Generalized Anxiety Disorder (GAD) is a fairly common disorder that is characterized by long-lasting anxiety that is not focused on any one object or situation. Generalized anxiety disorder is more than the normal anxiety people experience day to day. Individuals that struggle with this condition tend to have chronic and exaggerated worry, even though nothing seems to provoke it. Individuals with this level of anxiety may constantly anticipate disaster or may worry excessively about health, money, family, or work. Sometimes these worries can be so overwhelming that it makes it difficult to function in normal ways. The anxiety can become so debilitating that it begins to affect all areas of life including the ability to work and maintain healthy relationships.
People with GAD can't seem to shake their concerns, even though they usually realize that their anxiety is more intense than the situation warrants. They are often unable to relax and have trouble falling or staying asleep. Their worries are frequently accompanied by physical symptoms, such as trembling, twitching, muscle tension, headaches, irritability, sweating, or hot flashes. They may also feel lightheaded or out of breath at times. In addition, they may have problems making daily decisions, concentrating, or remembering recent decisions or conversations.
Panic attacks can happen anytime, anywhere and without warning. A person experiencing panic attacks may live in fear of another attack and, as a result, may avoid places where they have experienced an anxiety attack before. During a panic attack, a person suffers from brief episodes of intense terror and apprehension, often marked by trembling, shaking, confusion, dizziness, nausea, and difficulty breathing. In addition, a person experiencing a panic attack may experience chest pains and numbness in their hands and feet. They often feel that they are having a heart attack and may end up in the emergency room because of a fear that they are about to die. As a result, many people develop a hyper vigilance to signs and symptoms of anxiety, which ironically frequently contributes to the recurrence of the anxiety. People who experience panic attacks may perceive any physiological change as a possible life-threatening illness. This can lead to significant impairment in the ability to function, including driving, working, shopping, or even simply leaving the home.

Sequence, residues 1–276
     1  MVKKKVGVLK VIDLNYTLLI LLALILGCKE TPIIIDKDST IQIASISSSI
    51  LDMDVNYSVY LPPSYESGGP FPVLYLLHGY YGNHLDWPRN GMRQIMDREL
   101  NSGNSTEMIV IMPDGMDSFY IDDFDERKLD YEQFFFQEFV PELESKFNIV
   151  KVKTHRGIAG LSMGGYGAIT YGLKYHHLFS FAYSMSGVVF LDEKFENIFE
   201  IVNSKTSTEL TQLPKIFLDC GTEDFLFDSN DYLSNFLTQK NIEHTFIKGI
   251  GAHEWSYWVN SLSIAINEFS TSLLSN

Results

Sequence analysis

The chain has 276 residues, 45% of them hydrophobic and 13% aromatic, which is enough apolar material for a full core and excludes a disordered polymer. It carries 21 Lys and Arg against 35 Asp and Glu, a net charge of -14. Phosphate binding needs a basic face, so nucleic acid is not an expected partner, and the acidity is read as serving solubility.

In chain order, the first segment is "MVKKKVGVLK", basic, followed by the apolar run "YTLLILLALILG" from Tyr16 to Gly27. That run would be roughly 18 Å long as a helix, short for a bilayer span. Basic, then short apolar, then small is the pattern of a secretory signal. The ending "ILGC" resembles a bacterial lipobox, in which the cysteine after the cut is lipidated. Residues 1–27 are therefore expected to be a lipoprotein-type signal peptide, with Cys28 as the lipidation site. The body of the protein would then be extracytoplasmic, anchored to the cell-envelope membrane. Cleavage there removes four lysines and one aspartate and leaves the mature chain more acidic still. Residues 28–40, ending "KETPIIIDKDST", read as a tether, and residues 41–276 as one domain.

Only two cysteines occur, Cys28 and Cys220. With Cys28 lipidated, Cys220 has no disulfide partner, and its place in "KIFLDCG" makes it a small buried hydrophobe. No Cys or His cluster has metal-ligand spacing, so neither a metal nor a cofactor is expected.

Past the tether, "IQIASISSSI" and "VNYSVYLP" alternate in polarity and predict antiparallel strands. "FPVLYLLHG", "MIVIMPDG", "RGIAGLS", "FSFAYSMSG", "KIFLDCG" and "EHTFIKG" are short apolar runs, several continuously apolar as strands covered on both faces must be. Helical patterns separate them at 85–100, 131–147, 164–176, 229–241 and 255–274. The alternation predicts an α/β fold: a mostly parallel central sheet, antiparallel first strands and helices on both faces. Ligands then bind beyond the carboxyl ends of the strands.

Obsessive–compulsive disorder (OCD) is a type of anxiety disorder primarily characterized by repetitive obsessions (distressing, persistent, unrealistic and intrusive thoughts, fears, or images) and compulsions (urges to perform specific repetitive behaviors, acts, or rituals). People with OCD are often aware that their obsessions or compulsions are irrational, but they feel powerless to stop them. They feel driven to perform the compulsive acts in order to ease their stressful feelings. The obsessions and compulsions can become so frequent and intense that they can make it difficult for an individual to function. This can create significant distress and lead to additional feelings of anxiety and depression, which can in turn increase the obsessions and compulsions.
Post-traumatic stress disorder (PTSD) is an anxiety disorder which is caused by a traumatic experience that is so extreme that it overwhelms an individual’s natural coping mechanisms. People with PTSD often experience a number of symptoms, including fear, hyper vigilance, horror, helplessness about the future, flashbacks of the event, avoidant behaviors, anxiety, anger, recurrent upsetting and violent dreams about the event, emotional numbness and depression. They may also become extremely irritable, feel overwhelming guilt, or begin to drink or use drugs to cope. PTSD can be triggered by a variety of events, including wartime combat, natural disasters, rape, hostage situations, child abuse (sexual, physical, verbal, or emotional), serious accidents, or violence.
New Dimensions Can Help!If you or someone you know is experiencing any of the above symptoms or problems, New Dimensions can help. Our team of experienced therapists and psychiatrists can help you overcome these challenges and help you develop the skills you need to thrive. To schedule a complementary assessment or to find out more about our programs, contact us at 281-333-2284 (Clear Lake area) or 1-800-685-9796 (The Woodlands). You can also click here to schedule an assessment online. Additional assessment times are available by calling the numbers above.